1. Pay off debt (hint: credit card debt is the most common form of debt across retirees!)

Alongside saving early, it’s a good idea to work to pay off debt in your lifetime. While it may seem redundant to be asked to focus your efforts toward putting money anywhere other than in your retirement savings, those rates rack up. 

In the 2023 article from Clever, it was reported that the most common forms of debt among retirees were credit card debt (49%), mortgage debt (24%), car payments (20%), medical debt (18%) and personal loans (14%). 

The Most Common Forms of Debt Among Retirees from Clever Infographic
Data found in State of Retirement Finances: 2023 Edition from Clever.

While that may seem scary, we think it’s worth encouraging our readers to pay off credit card debt early. Many put it to the side and focus on mortgages and other debts instead, but looking at the data we think it’s a smart idea to manage your credit card debt early – especially if you’re in your early 20’s at the moment and have no other major debts to face. 

  1. Get a side gig or side hustle either in or right before retirement

A good way to secure financial stability through retirement is to establish a side gig or hustle that enables you to make money on your own terms. It could be as simple as getting a second job or a part-time job through retirement (even if you’re working as little as 10 hours a week), doing freelance work or selling the scarves you spend all week knitting for extra cash.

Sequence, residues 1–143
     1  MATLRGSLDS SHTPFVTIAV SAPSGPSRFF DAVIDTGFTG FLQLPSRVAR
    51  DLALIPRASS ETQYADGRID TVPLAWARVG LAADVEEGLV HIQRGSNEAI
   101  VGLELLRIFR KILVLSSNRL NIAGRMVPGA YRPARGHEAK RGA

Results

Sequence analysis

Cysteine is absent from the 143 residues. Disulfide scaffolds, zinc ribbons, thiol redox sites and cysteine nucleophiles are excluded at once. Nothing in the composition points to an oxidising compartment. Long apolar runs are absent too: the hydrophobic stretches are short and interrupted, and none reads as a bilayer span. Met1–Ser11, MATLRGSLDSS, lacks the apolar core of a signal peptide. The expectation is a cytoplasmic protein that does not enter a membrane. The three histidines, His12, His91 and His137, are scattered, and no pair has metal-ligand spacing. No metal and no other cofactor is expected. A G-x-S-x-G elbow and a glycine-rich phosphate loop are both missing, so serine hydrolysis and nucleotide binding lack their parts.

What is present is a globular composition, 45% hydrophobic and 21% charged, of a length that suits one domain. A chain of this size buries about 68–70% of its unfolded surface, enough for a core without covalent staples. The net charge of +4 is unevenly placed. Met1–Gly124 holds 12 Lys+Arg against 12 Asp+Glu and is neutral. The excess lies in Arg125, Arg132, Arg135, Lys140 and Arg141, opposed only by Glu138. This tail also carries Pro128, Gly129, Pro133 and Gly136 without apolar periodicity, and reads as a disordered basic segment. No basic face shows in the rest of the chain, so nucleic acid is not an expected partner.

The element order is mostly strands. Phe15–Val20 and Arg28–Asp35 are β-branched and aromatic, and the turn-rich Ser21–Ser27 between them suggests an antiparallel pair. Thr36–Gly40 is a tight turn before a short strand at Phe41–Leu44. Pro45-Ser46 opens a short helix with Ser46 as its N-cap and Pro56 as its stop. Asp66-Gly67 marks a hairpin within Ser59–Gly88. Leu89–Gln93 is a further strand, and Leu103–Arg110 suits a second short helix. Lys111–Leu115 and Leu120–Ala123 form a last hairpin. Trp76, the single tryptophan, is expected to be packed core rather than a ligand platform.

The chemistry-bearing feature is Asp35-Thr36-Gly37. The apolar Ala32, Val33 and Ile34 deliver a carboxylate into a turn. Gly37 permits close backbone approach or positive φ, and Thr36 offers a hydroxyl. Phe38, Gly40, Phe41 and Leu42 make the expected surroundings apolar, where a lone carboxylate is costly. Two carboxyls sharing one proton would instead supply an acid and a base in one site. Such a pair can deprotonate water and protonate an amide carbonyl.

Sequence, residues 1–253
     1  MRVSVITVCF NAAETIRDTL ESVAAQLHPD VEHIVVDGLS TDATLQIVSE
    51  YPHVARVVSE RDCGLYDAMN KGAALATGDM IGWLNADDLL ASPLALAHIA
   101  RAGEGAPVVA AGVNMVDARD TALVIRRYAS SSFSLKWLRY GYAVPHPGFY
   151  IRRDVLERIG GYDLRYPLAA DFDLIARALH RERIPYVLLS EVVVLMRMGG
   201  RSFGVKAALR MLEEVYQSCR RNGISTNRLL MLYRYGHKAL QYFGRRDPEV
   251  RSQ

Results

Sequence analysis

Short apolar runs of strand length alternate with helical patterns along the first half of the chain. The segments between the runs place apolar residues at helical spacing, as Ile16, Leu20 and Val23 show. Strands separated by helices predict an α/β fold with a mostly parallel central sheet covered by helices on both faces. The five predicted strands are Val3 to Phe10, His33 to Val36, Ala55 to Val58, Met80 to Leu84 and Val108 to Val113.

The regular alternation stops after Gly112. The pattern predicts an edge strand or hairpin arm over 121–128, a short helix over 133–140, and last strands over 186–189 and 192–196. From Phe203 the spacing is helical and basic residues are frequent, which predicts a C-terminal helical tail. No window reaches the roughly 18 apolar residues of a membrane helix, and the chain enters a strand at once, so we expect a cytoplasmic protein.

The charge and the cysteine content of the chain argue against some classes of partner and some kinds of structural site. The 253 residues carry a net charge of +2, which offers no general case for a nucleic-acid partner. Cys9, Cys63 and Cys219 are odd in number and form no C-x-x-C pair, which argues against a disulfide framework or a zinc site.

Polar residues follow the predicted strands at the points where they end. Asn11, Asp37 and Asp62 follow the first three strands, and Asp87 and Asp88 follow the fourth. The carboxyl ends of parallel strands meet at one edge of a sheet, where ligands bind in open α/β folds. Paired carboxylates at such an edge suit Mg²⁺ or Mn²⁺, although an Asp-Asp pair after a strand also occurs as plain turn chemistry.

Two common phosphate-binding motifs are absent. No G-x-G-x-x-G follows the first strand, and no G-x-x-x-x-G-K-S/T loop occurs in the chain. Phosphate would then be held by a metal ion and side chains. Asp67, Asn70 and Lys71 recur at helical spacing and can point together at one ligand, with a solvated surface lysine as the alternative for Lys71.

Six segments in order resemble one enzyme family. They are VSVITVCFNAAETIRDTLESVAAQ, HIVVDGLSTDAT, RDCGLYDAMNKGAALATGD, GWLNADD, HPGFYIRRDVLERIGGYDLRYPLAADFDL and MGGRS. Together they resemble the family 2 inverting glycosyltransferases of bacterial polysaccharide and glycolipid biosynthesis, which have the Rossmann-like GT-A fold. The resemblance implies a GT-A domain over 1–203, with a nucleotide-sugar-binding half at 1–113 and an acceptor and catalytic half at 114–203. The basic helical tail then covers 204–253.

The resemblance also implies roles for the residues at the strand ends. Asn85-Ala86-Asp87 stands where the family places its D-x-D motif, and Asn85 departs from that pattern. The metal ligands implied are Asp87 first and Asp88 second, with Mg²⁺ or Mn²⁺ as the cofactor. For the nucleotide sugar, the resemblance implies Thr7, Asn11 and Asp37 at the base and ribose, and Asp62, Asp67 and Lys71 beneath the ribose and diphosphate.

There are a number of different side hustles you can pick up to help boost your income and ensure that, when retirement does come, you have something that can bring return, with minimal effort necessary on your part. 

  1. Downsize/relocate for retirement

The final strategy we have to improve your retirement savings is to downsize or relocate for retirement. Living abroad or moving to a state with a lower cost of living can help you dramatically, and downsizing from your 6 bedroom home to a smaller home or even unit, can really alter the overhead costs you’re looking at. 

But we also recommend considering “downsizing” as a state of mind, not just a verb. You may have to analyze your current living costs and consider narrowing down on your expenses and re-evaluating the standard of living you have today. Subtle adjustments can make a big difference in the long run. 

The state of retirement savings in the US today is pretty daunting to think about. Looking toward the future may feel hopeless, but there are ways you can improve your retirement savings. 

If you’re young: you’re at an advantage that you have the time to be able to plan for your retirement and start saving early. But even if you’re already in retirement and are looking at your savings account with fear, there are a number of ways for you to earn money in retirement and improve your financial situation. 

It’s about having all the facts at your disposal, so you can play to your strengths and be aware of the risks associated with the state of retirement savings in the United States today.